Hollywood has always known how to take a meeting. Tinseltown tête à têtes are how movies get made, box-office records are broken and stars are born. In the business world, fate-altering meetings don’t happen in directors’ or producers’ offices, they happen in the C-suite. For those, that is, who can break through.
Thirty-three minutes and 13 seconds into the 2005 movie Hitch, we see a masterful demonstration of the power of creative audacity when seeking a meeting against great odds. It’s at that moment in the film when Hitch (Will Smith) unleashes a particularly bold tactic when asking love interest Sarah Melas (Eva Mendes) out on a date. A courier arrives in Sarah’s office with a package. She signs for it and excitedly opens the box to discover a walkie-talkie. It’s already turned on. She picks it up and says, “Hello?” Hitch is waiting on the other end, conversation ensues, and the meeting is on. Can such audacity be applied in the business world? Yes. I call it “Contact Marketing” — using micro-focused campaigns to support contact with high-value prospects, thus leapfrogging competitors and gaining huge swathes of market share. Often, that means breaking through to C-suite executives. The results generated by a campaign can be shocking, with response going as high as 100 percent and the current record for ROI set at 69,500,000 percent.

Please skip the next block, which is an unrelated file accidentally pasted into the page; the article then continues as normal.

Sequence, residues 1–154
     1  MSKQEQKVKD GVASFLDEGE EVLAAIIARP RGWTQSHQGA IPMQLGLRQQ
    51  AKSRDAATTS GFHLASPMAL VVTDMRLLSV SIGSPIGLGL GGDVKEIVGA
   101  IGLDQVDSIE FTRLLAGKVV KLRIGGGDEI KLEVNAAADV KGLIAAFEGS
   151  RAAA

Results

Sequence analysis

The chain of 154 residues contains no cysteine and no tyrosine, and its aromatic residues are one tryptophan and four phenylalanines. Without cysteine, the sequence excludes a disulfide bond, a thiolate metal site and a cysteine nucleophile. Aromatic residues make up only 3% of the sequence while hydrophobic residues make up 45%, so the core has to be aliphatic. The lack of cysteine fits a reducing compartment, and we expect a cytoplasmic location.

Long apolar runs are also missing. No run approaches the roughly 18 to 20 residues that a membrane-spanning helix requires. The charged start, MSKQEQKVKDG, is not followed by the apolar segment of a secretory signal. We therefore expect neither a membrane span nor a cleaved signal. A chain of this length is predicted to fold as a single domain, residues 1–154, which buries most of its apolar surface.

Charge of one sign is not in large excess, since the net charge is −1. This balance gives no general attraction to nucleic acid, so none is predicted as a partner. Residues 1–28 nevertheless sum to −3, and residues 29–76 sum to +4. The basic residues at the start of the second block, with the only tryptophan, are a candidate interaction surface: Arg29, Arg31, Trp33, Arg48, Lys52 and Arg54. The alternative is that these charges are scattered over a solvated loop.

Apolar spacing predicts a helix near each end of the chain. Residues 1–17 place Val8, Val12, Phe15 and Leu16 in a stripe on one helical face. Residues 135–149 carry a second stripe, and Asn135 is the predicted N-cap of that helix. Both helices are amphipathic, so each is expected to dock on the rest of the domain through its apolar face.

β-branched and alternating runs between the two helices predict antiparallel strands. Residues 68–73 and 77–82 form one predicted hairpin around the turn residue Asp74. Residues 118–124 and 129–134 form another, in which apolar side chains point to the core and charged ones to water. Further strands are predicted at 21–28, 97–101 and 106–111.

The secret to breaking through to the C-suite can be summed into three components: relevance, audacity and recognizing the critical importance of executive assistants. The relevance bit is obvious. A CEO’s time is measured in the thousands of dollars per minute. Their time should not be solicited unless the offering is strategic, timely and truly worthy of their attention.
The fun part is in the creative solution for breaking through. Among the nearly 70 stories of outrageous meeting success I chronicle in my book Get the Meeting! are the following:
- When turnaround specialist Dan Waldschmidt wants to meet CEOs of distressed companies, he sends a sword in a beautiful wooden box with a handwritten note. The message: “Business is war and I noticed you lost a battle recently. If you ever need a few extra hands in battle, we’ve got your back.” His response rate? 100 percent.
- When copywriter Alec Brownstein decided he wanted a new job, he crafted a simple Google text ad targeting the creative directors at the top seven ad agencies on Madison Avenue. Using personalized ads and the names of the creative directors as search terms, he fielded six calls, three interviews and one dream job. The cost of the campaign? Six bucks.
- When a young startup wanted to break into brick-and-mortar retail with its Orabrush tongue cleaner, it set its sights on Walmart. The company ran a $28 Facebook ad targeting Walmart employees at the company’s Bentonville, Arkansas, headquarters who had a college education and were between the ages of 35 and 50, using the provocative headline “Walmart employees have bad breath.” Within 48 hours, the company heard from Walmart, and eventually connected with the dental buyer. She asked, “Can you support an order for 735,000 units?” That $1.5-million order, and the subsequent roll-out across Walmart’s 11,700-store network, resulted in a 10-times multiplier in Orabrush’s market value. The ROI on the campaign? 69,500,000 percent.